A similar certificate followed purporting to be signed at London by the consul of the Republic of Mexico, under his consular seal.
The statutes of this State make no provision as to the mode of authenticating official copies of documents found in foreign registries or public offices. General Statutes, §§ 1089, 1093, refer only to domestic entries, files, or records. Whether there has been a proper authentication of foreign ones must therefore be determined by the courts, as occasion may require, in such cases as arise, under the guidance furnished by the rules of the common law or the usages of nations.
The object of any such authentication is to afford satisfactory evidence that the document offered is in fact certified by the official custodian of the original of which it purports to be a copy, having due authority to make such certification. Any evidence is sufficient for this purpose which is calculated to give reasonable assurance of the facts in question. Of this nature is whatever legitimately tends to prove that the document was obtained from the office where the original is kept; that the signature of the certificate was made by the individual whose name is thus subscribed; that he held, at the time, the official position indicated by his subscription; and that it is one of the functions of those holding that position to certify to such copies. State v. Dooris, 40 Conn. 145.
It is difficult and expensive to produce oral testimony to these points, and hardly less so to resort to written depositions. By the usages of civilized nations, therefore, proof is allowed of all or some of them in the shape of certificates from public officers under their official seals, when these seals are such that the court takes judicial notice of them.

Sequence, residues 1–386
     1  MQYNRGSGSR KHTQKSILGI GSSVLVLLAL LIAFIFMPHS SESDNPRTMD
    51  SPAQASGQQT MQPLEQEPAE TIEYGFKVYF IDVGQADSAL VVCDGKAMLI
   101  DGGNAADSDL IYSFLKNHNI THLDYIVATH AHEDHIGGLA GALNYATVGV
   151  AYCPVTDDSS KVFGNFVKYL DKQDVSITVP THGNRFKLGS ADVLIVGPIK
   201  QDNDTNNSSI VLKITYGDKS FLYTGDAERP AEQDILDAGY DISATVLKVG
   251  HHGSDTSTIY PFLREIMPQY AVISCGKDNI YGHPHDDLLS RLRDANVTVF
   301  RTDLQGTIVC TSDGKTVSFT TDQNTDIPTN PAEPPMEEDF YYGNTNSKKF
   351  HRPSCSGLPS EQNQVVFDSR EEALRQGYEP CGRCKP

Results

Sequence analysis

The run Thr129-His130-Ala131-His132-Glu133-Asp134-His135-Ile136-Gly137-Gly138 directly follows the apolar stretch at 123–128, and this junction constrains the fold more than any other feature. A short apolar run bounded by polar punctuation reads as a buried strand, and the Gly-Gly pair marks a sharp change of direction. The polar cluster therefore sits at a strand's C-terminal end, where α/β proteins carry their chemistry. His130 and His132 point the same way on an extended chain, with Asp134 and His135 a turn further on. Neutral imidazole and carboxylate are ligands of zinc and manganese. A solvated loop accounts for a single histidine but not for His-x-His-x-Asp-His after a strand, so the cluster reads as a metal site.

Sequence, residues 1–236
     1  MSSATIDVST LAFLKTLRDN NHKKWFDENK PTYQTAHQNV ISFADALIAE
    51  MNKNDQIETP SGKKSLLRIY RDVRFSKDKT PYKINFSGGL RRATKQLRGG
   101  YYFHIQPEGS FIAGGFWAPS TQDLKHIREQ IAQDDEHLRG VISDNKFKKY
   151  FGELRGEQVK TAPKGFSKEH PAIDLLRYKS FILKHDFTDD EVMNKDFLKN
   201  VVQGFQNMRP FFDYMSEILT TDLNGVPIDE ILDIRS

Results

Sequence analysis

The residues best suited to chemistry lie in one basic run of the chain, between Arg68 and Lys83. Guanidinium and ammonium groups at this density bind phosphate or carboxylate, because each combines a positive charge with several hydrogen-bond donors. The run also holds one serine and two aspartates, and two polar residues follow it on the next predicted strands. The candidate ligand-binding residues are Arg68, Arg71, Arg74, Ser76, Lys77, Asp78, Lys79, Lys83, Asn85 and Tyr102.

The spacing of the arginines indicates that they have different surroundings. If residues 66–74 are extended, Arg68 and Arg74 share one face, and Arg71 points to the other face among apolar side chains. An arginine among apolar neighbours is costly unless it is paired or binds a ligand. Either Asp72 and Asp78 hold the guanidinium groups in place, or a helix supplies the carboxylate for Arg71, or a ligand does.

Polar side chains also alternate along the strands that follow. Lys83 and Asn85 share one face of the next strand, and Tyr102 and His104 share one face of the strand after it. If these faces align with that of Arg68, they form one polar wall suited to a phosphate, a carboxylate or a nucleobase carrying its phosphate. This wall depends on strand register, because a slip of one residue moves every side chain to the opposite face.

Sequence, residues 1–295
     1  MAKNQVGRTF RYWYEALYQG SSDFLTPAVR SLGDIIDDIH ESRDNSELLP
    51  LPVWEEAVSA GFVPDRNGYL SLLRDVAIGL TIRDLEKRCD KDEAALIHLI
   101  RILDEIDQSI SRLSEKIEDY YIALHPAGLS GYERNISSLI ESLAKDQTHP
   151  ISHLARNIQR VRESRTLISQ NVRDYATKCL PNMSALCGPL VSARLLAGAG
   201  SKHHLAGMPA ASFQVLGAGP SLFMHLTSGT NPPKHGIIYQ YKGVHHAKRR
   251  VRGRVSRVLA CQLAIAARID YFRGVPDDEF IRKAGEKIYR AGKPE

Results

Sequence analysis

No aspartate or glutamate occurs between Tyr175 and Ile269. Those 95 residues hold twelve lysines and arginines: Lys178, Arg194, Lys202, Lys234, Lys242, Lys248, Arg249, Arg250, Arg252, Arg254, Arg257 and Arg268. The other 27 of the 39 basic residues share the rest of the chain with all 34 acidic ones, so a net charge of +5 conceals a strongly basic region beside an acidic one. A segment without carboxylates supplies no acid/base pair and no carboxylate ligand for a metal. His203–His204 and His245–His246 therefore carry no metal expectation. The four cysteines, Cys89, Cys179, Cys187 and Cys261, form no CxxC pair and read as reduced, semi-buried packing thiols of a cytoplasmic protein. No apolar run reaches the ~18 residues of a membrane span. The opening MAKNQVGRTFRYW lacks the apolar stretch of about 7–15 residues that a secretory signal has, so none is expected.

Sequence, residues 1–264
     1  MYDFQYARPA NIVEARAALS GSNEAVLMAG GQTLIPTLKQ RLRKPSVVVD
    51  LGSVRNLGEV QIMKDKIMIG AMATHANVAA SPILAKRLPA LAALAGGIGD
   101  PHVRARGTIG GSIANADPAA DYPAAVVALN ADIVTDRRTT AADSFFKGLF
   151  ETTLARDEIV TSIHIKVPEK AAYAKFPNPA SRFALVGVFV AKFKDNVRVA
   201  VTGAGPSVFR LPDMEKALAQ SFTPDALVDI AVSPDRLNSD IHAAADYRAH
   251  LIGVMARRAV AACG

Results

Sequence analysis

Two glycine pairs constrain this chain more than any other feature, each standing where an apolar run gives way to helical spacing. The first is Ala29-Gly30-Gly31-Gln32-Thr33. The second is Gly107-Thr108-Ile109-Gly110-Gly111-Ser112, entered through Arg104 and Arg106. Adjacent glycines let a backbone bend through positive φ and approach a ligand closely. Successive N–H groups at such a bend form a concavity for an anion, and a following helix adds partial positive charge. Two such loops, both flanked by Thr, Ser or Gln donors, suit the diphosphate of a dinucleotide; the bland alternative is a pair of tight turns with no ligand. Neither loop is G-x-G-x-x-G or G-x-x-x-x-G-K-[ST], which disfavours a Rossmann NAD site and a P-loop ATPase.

The seal of a notary public is one of this description, whenever it is used to attest a document which by the usages of nations may be so attested. Ashcraft v. Chapman, 38 Conn. 230, 232; Pierce v. Indseth, 106 U.S. 546, 549; Spegail v. Perkins, 2 Root, 274. A notary public, furthermore, is an officer to whom, in many countries, resort is had for certificates authenticating copies of documents in public archives. Yeaton v. Fry, 5 Cranch, 335; Williams v. Conger, 125 U.S. 397, 424; Packard v. Hill, 7 Cow. 434, 437, 444; Bowman v. Sanborn, 25 N. H. 87.
It is also one of the proper and essential functions of consuls, under the rules of international law, to aid in the authentication of documents of foreign origin, for use in their own country. "Pour nous en tenir aux attributions les plus essentielles, a celles qui caracterisent veritablement le mandat consulaire, nous dirons que les consuls sont generalement charges . . . de legaliser les actes emanant des autorites territoriales qui doivent etre produits dans le pays auquel ils appartiennent." Calvo, Le Droit International, 5th ed. III, § 1423. The laws of the United States authorize the president to provide our consulates with official seals. U.S. Rev. Stat. §§ 1748, 1750. As the conduct of all foreign relations affecting citizens of the United States is in the hands of the United States, the consular officers of the United States are so far representatives of the several States that the courts in each may properly take judicial notice of their seals of office. The Superior Court was therefore warranted in recognizing the seal impressed on the certificate of our vice and deputy consul-general at London as the seal of the consulate, and in treating the seal as proving prima facie that it was affixed by the proper officer. This was sufficient to verify his signature. Griswold v. Pitcairn, 2 Conn. 85, 91.